It may very well be because I am a mother of a little-girl-turning-tween that the concept of beauty has been on my mind lately. Artists are naturally attracted to beauty, even though their interpretation of it is ever-evolving. In high school, I went my entire junior year without wearing a stitch of make-up. In fine art school my value of beauty was confronted when my delicately crafted, hand-colored Polaroid transfer of an orange lily was shrugged off by my professor as “just a flower” – words that to this day challenge me to interpret and not simply photocopy my world with photography. Eventually trained as a purist photojournalist, I looked for unaltered beauty to unveil itself in the stories I covered. At weddings, the excitement and joy of the momentous occasion paint such beauty on people’s faces and movements.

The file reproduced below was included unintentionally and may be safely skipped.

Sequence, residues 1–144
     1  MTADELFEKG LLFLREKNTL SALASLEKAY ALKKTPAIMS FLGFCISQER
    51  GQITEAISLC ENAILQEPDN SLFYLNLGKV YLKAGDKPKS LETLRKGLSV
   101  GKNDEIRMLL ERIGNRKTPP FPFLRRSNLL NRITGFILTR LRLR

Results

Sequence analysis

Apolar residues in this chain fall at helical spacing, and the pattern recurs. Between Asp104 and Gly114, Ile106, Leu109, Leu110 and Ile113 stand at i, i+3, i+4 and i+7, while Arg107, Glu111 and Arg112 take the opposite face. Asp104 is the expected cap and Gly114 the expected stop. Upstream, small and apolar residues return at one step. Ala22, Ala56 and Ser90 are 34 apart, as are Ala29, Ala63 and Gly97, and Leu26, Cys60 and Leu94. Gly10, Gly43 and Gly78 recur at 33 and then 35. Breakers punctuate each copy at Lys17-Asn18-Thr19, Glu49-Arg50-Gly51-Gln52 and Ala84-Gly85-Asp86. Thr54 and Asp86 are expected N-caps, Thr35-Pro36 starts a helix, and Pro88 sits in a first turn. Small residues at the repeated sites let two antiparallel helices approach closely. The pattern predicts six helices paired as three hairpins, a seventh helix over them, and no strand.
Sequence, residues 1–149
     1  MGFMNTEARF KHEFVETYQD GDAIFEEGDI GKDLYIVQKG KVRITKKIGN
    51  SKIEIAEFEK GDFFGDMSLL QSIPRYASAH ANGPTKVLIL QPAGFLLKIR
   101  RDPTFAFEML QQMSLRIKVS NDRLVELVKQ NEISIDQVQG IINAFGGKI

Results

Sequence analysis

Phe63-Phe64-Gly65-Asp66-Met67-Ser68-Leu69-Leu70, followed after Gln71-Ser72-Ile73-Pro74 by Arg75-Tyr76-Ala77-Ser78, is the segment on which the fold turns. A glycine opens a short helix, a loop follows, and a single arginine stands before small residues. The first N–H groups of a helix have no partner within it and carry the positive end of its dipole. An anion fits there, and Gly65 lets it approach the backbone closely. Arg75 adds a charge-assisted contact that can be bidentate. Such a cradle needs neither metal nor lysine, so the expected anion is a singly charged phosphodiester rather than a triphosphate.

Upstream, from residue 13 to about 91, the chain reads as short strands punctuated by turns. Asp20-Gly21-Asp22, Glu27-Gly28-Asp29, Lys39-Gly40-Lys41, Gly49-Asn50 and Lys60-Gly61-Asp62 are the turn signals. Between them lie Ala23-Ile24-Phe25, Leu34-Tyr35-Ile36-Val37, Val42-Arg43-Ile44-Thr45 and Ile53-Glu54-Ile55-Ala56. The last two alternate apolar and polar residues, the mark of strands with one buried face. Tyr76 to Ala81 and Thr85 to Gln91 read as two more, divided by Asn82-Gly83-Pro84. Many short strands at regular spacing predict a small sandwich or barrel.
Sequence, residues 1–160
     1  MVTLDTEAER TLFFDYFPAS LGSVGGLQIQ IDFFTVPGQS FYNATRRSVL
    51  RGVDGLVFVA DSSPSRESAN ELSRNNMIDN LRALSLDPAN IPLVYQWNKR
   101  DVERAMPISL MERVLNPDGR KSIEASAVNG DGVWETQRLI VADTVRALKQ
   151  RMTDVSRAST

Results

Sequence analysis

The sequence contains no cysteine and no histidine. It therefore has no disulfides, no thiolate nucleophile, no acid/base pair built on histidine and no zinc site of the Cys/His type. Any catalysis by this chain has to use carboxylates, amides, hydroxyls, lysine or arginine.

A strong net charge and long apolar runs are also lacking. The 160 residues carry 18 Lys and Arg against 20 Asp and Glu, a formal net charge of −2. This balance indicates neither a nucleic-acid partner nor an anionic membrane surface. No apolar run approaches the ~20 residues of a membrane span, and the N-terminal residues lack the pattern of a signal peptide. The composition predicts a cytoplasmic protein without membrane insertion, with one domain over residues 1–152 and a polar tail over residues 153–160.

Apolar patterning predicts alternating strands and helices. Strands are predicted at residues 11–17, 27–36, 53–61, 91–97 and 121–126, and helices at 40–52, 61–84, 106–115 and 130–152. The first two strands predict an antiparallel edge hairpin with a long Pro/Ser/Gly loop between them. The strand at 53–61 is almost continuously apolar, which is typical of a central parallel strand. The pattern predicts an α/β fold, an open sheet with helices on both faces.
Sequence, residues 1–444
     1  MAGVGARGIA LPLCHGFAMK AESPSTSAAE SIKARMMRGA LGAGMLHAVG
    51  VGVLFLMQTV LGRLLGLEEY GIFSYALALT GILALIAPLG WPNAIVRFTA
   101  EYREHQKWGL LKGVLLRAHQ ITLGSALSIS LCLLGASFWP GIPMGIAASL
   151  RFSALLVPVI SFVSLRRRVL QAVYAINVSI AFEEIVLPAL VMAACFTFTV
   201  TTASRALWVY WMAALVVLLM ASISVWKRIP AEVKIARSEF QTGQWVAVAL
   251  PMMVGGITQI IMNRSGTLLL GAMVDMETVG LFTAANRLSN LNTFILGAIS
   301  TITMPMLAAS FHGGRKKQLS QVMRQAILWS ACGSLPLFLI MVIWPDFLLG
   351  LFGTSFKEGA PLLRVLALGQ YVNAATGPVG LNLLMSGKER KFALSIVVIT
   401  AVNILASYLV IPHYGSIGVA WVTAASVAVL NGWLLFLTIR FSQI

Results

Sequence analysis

So what if people are removed from the events and emotions that inevitably make them gleam? My new challenge is to explore that. I would call it “beauty photography” but since I will employ techniques such as before-and-afters (what carries through between the untouched and the made-up?), simple lines, even lighting and modern posing, it actually falls into the genre of contemporary glamour. As you observe, I invite you to ask yourself, what makes an image beautiful? And I will continue to explore and capture it, despite Rumi’s claim that “the best part of beauty is that which no picture can express.” Touché.